By Jamie Shafer
In 2009, Amanda was exploring a craft show when a display of spoon rings caught her eye. Although she loved all the designs, she only bought one ring and planned to try making more on her own.
“It was harder than I thought,” she remembers. She gave up on the idea, and life moved on. The Grella family then moved out of state so she and her husband, Nate, could join the staff of Capital Area Christian Church in Mechanicsburg, Pennsylvania.
Before their move, a kind girl from their church gave Amanda some of her grandmother’s silverware, in the hopes that she might be able to give it new life. Amanda decided to try making key rings with the ends of the silverware and was pleased with the results. She gave the shiny creations to family and friends as gifts, and it seemed someone was always asking her to make another one.
She said that, at one point, a family member asked her to try making a necklace. Amanda laughs and says she agreed to make it but requested that it be kept a secret, lest she be committed to making necklaces too.
Opening the Door to New Business
Amanda’s husband suggested that she try selling the remainder of the key rings on Facebook. She remembers feeling doubtful that anyone would buy them, but she created a post anyway.
“In 45 minutes I sold them all and had orders for 50 more!” she said. “I told my husband, ‘Well, I guess we will have to buy more silverware.’”
Eventually the couple gained the knowledge and the tools to create the spoon rings that had originally inspired Amanda. For some this might have become a nice hobby or a fun way to earn extra income. But for Amanda, it has become her passion. As her children were becoming more self-sufficient, Amanda had been searching to find her place and discover what she wanted to do. This artful expression has been an unexpected gift for her and others.
“I discovered I was feeling this joy and blessing as I was making the jewelry and giving it to people. I found something here that I didn’t expect, and I loved that. I can’t even say how thankful and blessed we are in all of this.”
Inspiring New Stories
The process of launching their business, Just A Spoonful of Silver (justaspoonfulofsilver.com), has been intertwined with the Grellas’ faith. “When we are looking for silverware, we’re looking for the old vintage stuff that’s not shiny. It’s dull and used. I bring it home, clean it, and polish it . . . use it for good. We’re like that as people—dull and used and broken. Others are looking for something shiny, but God can use us in a way that we don’t expect.”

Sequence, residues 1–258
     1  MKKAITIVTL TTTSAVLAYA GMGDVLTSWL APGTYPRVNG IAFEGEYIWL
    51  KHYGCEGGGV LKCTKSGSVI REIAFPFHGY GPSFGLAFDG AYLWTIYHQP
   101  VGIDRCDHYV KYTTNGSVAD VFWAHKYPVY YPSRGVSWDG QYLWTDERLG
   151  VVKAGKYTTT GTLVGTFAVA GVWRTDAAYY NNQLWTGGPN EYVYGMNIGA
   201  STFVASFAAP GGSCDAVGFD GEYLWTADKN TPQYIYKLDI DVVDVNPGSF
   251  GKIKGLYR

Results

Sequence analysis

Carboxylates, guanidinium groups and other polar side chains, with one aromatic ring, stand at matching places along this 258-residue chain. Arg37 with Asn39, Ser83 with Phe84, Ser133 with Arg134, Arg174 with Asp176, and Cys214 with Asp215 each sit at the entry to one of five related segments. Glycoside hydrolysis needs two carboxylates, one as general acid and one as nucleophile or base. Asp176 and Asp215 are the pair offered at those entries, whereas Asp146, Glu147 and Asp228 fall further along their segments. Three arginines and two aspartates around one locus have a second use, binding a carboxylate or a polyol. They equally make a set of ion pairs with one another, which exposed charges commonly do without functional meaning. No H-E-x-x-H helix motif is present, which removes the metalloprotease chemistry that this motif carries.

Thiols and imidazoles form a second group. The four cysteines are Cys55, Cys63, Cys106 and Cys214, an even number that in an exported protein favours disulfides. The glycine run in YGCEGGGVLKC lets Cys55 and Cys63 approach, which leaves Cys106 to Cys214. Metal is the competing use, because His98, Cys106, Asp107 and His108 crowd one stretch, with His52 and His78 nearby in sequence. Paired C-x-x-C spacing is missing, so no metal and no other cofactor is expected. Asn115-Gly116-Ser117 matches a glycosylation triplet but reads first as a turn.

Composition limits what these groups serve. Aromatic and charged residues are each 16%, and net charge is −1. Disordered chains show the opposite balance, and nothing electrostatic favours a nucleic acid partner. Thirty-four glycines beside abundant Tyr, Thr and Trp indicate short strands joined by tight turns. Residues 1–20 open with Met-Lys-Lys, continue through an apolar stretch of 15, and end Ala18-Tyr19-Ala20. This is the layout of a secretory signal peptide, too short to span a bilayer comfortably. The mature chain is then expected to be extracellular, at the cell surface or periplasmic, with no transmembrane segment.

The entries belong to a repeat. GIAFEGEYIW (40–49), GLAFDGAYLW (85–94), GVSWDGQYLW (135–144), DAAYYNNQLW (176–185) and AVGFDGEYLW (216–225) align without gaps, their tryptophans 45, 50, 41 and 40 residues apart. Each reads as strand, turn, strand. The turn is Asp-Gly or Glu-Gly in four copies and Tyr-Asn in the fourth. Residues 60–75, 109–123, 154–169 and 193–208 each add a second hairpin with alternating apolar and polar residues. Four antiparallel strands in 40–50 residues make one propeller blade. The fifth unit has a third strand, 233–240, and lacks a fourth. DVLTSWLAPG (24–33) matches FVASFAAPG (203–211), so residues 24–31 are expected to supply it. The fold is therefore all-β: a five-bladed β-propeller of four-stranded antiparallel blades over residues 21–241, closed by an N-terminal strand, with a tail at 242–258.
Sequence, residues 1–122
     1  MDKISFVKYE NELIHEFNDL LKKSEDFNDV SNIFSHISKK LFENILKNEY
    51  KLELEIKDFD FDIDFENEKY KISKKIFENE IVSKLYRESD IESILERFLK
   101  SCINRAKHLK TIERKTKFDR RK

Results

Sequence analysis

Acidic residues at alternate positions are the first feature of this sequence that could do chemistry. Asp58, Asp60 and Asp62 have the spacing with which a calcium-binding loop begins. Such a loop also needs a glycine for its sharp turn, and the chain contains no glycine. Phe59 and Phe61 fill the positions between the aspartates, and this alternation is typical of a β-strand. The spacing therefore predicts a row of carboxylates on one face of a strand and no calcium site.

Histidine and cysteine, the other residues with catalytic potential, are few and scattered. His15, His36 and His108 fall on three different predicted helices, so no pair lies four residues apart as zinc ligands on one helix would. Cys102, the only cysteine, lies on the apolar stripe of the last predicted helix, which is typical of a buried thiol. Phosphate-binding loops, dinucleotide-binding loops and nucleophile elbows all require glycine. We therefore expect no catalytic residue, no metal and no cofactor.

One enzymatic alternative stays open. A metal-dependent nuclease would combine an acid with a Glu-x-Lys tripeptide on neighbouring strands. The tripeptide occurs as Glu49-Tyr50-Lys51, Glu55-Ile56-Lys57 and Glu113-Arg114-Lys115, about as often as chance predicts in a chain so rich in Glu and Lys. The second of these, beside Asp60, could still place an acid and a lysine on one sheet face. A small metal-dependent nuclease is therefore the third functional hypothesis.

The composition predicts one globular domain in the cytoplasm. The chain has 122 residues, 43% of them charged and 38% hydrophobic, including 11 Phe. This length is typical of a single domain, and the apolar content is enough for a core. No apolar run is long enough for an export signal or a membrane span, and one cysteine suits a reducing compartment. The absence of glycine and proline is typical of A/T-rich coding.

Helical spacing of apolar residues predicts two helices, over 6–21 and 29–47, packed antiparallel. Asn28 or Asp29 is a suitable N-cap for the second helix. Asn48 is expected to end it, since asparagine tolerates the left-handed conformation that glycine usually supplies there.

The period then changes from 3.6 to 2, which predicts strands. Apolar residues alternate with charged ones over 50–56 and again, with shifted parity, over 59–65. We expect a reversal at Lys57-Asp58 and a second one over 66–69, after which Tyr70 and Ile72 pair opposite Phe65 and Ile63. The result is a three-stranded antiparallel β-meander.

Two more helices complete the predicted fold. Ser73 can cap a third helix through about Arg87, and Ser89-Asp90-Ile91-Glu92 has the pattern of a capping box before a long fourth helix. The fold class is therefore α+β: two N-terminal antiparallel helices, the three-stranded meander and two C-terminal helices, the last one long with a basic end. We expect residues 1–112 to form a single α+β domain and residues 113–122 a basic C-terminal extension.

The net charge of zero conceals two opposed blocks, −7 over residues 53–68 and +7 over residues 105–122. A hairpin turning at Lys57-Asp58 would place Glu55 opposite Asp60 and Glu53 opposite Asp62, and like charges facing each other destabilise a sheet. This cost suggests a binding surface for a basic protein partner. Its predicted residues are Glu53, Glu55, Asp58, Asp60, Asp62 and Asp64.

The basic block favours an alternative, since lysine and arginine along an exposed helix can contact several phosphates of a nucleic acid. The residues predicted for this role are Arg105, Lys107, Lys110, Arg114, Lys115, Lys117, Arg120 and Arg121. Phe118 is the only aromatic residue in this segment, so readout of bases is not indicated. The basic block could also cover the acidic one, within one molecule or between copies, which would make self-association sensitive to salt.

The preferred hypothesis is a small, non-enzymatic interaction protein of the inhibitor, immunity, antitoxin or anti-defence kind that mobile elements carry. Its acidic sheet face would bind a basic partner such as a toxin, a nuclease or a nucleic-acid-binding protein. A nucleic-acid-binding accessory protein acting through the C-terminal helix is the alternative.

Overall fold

Amanda shares this idea with those who inquire about the faith-based inscriptions that have been lovingly hammered into her jewelry, one letter at a time. She and her husband have created many meaningful pieces for people. Sometimes customers request that a special verse or phrase be imprinted on their piece. One family requested necklaces to wear in honor of a daughter who had passed away.
The Grellas have also come up with ways to bless others with their business income, Amanda explained. “We give money to someone each month—a family or an organization. One month it went to someone who was in the process of adopting. Another month it went to a family who had someone on kidney dialysis.”
They’ve also donated to silent auctions and crafted necklaces inscribed with “Love Does” so the proceeds could help fund their church’s campaign by the same name. They have been invited to display their items in local shops, and they will be featured in an artisan marketplace in the Perry County Council of the Arts Gallery through mid-January.
“God gave us this passion. We are so blessed and thankful for the ability and to be able to help others,” said Amanda.
She loves taking a special or beautiful piece of silverware, perhaps that belonged to a grandparent, and turn it into something that can be worn every day. “It becomes a story. I would love to go back in history and know the story behind each piece.”
Ultimately, this work reminds her that God gives each of us new life and purpose. “Do we take it and run with it? Or do we just let it sit there in a box? I want to take it and run with it,” said Amanda.
Jamie Shafer is a communications strategist for Fishhook Communications in Indianapolis, Indiana. She and her husband, Eric, have two children.